Take the hospitals where I work. We have run out of beds multiple times this year, not just during the latest Covid wave in January, but many times since then, when pressures were reportedly easing. Our latest waiting times in the ER have typically exceeded six, seven, or even eight hours. We have found ourselves in the dark old days of seriously ill patients lining carts in the hallways, with all the misery and indignity that this entails. And we are not an outlier. Last month, the Vice President of the Royal College of Emergency Medicine, Dr Adrian Boyle, warned of the risks of overwhelmed A&E departments leading to preventable deaths: “What has been happening for the last six weeks, the levels of activity that we are seeing, is creating a significant and sustained threat to patient safety … Emergency departments they are inevitably associated with increased short-term mortality. “

Javid only needs to glance at social media to see the increasingly frantic stream of posts from NHS staff at the end of his life. An emergency doctor in a district general hospital tweeted that The highest number of attendance registered in your department in 24 hours has been divided into 10.4%. Another doctor told me: “I work in a hospital with an A&E capacity of 180 patients. Yesterday at 9 in the morning there were 300 patients down there … Let no one try to tell me that the numbers are manageable, it sucks ”.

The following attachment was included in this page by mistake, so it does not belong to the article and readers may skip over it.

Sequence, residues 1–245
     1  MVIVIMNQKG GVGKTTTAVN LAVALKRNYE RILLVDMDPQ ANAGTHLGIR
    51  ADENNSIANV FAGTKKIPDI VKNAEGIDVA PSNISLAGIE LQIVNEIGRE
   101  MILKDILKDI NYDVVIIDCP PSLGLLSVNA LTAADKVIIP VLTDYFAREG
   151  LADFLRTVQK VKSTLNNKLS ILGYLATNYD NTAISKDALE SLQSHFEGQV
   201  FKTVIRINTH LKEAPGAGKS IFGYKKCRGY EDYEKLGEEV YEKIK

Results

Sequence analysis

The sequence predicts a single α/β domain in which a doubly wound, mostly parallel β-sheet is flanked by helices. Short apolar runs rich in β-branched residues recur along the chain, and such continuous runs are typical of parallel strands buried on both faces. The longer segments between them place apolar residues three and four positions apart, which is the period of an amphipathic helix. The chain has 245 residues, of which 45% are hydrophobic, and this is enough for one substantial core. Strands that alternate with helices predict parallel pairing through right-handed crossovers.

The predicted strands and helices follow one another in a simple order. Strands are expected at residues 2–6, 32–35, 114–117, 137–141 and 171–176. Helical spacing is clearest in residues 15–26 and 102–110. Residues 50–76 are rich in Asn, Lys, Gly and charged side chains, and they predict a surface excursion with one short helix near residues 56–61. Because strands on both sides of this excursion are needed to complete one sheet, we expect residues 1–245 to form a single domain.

An NHS consultant friend in London, who is too concerned about repercussions for me to share her name, sounded miserable when I called her: “It feels inhuman. Our emergency department is overflowing. Patients are scared, not sure where else to go, worried that their diagnosis has been missed. But the staff have also suffered the psychological impact of the pandemic … It feels like we are prepared to fail. “

This is the crux. Too many front-line staff (like Javid, again, you have to know) is broken and burned after 18 months of Covid. Almost half of NHS intensive care staff, for example, have reported symptoms of PTSD, depression or anxiety, and one in five ICU nurses expressed thoughts of suicide or self-harm. As the entire workforce grapples with the pandemic backlog – more than 5 million patients now languish on waiting lists – morale has never been lower.